• detecting potential threats of the conch in the Lac Bay environs.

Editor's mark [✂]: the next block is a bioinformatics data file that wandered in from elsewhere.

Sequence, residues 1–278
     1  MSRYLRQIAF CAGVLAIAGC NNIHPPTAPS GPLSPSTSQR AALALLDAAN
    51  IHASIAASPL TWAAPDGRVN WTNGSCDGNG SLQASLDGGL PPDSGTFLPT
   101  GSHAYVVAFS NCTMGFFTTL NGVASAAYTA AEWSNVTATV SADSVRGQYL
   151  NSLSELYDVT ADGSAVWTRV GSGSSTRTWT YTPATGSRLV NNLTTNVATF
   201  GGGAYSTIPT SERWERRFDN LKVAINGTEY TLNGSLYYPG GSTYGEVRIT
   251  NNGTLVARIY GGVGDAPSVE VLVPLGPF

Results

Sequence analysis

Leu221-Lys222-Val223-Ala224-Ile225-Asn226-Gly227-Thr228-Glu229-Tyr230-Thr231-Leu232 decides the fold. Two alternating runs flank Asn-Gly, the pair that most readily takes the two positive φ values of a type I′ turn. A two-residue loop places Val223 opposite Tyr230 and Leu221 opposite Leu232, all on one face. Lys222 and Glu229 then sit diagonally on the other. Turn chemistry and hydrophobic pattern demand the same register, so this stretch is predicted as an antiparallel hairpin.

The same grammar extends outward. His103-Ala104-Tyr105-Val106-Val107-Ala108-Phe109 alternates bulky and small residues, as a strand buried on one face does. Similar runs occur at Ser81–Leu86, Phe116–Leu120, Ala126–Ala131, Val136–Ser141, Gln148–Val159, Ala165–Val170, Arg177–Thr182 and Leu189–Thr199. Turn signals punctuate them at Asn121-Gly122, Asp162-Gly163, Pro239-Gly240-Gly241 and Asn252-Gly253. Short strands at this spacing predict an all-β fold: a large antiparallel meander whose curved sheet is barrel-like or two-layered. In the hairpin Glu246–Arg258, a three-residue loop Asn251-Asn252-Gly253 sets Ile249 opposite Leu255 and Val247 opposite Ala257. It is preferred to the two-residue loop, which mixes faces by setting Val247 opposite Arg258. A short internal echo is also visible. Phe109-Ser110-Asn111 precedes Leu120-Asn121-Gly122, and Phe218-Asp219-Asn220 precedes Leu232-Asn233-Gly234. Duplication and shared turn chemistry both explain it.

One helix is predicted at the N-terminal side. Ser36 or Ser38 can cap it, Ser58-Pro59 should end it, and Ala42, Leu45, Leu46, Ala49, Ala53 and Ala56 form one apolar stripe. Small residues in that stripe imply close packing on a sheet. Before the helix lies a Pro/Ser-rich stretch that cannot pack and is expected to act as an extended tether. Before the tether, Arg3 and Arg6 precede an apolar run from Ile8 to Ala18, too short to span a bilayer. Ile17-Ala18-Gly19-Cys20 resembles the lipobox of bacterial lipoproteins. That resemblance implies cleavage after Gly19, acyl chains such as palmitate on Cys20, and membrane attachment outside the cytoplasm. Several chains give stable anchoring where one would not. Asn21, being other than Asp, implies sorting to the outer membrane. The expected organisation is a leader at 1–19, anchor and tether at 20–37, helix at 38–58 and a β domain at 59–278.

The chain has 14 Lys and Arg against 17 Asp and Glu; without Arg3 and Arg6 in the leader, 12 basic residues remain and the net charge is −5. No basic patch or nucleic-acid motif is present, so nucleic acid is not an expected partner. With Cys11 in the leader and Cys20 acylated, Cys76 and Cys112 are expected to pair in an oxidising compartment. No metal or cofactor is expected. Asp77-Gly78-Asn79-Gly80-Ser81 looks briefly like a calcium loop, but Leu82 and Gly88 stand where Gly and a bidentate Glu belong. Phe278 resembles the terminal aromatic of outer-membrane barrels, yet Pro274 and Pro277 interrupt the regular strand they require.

Field monitoring to determine the conch population size class distribution, in addition to characterization of the seagrass beds, were completed in seventeen 200 x 200 meter grid sites in the bay. Each grid contained three 5-m belt transects, to assess a total of 3,000-m2 area per grid. The completed ecological assessment would result over coverage of 51,000-m2 area. The sites were non-randomly selected for ground truthing extensive coverage from aerial photographs. Each transect start point was placed with compass rose headings, followed by assigning latitude/longitude coordinates on a line map of Lac Bay (grid map - Map 2). In the field, the grids and transect lines were located using a Garmin GPS unit to conduct the monitoring activities with trained volunteers. Rapid Ecologicial Assessment protocols were adapted from The Nature Conservancy Caribbean Program (1996), and the Southwest Florida Water Management District (1998) seagrass monitoring methods (adapted in the BMP volunteer monitoring draft manual in Westmacott, 1999). This project was completed through the scientific support of trained volunteers from the Bonaire Underwater Research Assistants (BONURA) group. Following mastery training skills, the resultant protocol and species identification training were field tested in Lac with the volunteers during June 1999; routine surveys were underway in July 1999. Monitoring activities were completed at the end of September 1999. GIS map products of the survey results are currently being completed at Duke University, through the co-operation of the Dept. of the Environment, with graduate student Phyllis Dermer, under the supervision of Dr. Patrick Halpin. Draft maps are contained in this report.